To confirm that the results are not too sensitive to the selected covariance function, we reanalysed the Subject A data using the Matérn covariance function (*v* = 3/2). The obtained similar results suggest that our method is stable with respect to the chosen covariance function (SFigures 9,10); the slightly less smooth processes are expected as the Matérn covariance function (with *v* = 3/2) leads to processes that are 1-times mean square (MS) differentiable, whereas the squared exponential covariance function leads to processes that are infinitely MS-differentiable. Additionally, to verify that our method does not produce analysis artifacts due to the temporal modeling, we shuffled the time points in the Subject A data set and analyzed the shuffled data (SFigure 11). As expected, we did lose the signals observed with the original data (SFigure 9). Importantly, the LOWESS estimator does seem to overfit the shuffled data (SFigure 11).

Collectively, our temporal approach is able to recover patterns from highly noisy 16S rRNA data which are not apparent from the MLEs even when these perturbations effect extreme restructuring of the dynamics and composition of the niche.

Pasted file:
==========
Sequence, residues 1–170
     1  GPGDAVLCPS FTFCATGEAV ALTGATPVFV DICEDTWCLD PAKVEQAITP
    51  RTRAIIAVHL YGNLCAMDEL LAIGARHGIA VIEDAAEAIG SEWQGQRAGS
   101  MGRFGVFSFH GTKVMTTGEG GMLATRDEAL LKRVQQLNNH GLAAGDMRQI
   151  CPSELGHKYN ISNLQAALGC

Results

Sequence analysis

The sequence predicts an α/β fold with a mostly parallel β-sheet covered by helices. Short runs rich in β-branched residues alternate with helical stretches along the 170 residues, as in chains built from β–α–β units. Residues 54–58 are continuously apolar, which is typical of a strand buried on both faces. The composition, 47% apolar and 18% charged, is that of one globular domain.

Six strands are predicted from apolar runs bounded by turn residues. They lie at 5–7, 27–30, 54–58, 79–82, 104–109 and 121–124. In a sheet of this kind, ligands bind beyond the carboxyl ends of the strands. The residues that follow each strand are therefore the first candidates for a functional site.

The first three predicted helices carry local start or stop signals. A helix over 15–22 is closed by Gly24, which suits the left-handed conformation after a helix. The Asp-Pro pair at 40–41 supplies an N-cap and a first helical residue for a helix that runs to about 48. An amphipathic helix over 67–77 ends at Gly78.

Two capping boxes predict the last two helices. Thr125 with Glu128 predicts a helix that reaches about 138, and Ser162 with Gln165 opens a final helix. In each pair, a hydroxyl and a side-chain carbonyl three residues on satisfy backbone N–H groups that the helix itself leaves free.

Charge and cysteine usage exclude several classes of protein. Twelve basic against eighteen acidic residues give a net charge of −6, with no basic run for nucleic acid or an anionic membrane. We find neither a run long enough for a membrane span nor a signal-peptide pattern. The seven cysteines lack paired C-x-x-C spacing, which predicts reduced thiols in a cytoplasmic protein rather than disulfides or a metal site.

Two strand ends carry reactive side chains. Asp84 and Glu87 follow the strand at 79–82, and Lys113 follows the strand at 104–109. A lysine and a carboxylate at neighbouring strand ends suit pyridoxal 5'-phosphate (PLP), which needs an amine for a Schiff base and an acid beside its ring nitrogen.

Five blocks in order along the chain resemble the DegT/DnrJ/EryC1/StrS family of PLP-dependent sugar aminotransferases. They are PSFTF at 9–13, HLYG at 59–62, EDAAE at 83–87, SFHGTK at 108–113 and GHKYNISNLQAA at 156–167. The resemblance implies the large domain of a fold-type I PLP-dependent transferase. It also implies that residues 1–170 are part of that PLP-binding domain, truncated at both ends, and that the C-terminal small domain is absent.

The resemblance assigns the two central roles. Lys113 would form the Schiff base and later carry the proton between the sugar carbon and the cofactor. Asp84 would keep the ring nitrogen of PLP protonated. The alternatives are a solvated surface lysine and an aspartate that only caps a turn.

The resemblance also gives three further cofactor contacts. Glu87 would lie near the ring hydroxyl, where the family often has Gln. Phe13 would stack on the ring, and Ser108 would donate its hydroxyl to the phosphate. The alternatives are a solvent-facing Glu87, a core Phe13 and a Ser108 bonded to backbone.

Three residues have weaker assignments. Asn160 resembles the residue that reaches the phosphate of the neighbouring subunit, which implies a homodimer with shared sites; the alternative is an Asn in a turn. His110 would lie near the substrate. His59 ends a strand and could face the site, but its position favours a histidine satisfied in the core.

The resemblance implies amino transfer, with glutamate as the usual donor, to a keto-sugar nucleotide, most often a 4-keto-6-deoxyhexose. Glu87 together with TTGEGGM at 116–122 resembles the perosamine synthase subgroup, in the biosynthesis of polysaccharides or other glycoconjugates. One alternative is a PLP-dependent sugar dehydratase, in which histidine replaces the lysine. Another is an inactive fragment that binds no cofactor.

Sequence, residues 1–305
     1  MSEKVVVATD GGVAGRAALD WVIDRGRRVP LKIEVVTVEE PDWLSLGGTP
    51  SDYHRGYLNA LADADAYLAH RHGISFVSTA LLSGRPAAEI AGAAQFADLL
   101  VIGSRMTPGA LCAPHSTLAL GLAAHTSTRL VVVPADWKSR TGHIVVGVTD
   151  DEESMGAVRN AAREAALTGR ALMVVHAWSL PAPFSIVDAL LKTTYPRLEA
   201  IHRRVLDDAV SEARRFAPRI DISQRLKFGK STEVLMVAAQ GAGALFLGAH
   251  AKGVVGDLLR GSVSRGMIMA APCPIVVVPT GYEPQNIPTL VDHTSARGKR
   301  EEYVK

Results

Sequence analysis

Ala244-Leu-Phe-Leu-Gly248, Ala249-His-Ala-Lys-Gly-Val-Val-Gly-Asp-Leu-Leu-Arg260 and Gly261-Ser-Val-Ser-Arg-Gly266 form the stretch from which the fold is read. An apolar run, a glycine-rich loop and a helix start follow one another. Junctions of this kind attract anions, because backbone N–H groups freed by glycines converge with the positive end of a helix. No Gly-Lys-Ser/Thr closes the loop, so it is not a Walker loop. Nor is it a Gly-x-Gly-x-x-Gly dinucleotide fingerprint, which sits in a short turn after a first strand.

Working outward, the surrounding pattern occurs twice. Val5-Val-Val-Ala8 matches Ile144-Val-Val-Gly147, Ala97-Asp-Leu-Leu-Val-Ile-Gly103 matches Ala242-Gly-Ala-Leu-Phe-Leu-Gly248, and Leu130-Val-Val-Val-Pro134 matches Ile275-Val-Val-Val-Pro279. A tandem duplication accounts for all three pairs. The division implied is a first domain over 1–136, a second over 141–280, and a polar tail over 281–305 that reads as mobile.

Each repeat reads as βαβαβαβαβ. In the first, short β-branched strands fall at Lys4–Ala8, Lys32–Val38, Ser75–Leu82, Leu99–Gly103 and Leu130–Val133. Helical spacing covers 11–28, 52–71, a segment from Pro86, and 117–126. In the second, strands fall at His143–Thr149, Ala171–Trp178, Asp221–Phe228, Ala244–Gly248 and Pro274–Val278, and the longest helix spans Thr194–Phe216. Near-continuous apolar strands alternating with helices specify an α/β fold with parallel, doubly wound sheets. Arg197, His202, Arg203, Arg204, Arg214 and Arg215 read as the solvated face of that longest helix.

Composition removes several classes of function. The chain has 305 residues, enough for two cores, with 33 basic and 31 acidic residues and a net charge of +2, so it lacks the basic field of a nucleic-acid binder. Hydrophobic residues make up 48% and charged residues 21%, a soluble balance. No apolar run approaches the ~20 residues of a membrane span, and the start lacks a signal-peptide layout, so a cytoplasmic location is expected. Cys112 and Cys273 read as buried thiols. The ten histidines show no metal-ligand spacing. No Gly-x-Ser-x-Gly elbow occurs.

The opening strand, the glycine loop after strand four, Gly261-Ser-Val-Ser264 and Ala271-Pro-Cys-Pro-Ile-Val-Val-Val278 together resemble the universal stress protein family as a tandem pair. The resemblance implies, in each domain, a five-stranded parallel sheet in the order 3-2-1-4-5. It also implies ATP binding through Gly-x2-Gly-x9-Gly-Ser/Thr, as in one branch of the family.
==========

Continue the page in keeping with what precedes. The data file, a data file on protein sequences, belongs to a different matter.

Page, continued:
### 3.4 Effect of sampling frequency on estimating microbiome dynamics

To see study how the data sampling frequency affects the results, we performed downsampling experiments. Specifically, we reanalyzed Subject A data by taking into account only measurements from either every second or third time point (SFigures 12,13). Overall, the obtained results with the full and downsampled data sets are highly similar suggesting that daily sampling is not necessary to capture human gut microbiota dynamics (SFigures 4,9,12,13). In Figure 3, we illustrate four examples of how different sampling frequencies can affect results. As expected, when sampling frequency drops credible intervals become wider (see Bacteroidales in Figure 3). Importantly, the LOWESS estimates are sensitive to the sampling frequency, which suggests that the LOWESS estimator tends to overfit data (see Enterobacteriales, Sphingomonadales, and Myxococcales in Figure 3). The observed overfitting, especially among lowly abundant orders, is not surprising since LOWESS and ML estimation do not take into account the statistical nature of count data. Additionally, in contrast to our method, it is not straightforward to interpolate data with LOWESS.

### 3.5 Revisiting dynamics of human gut microbiota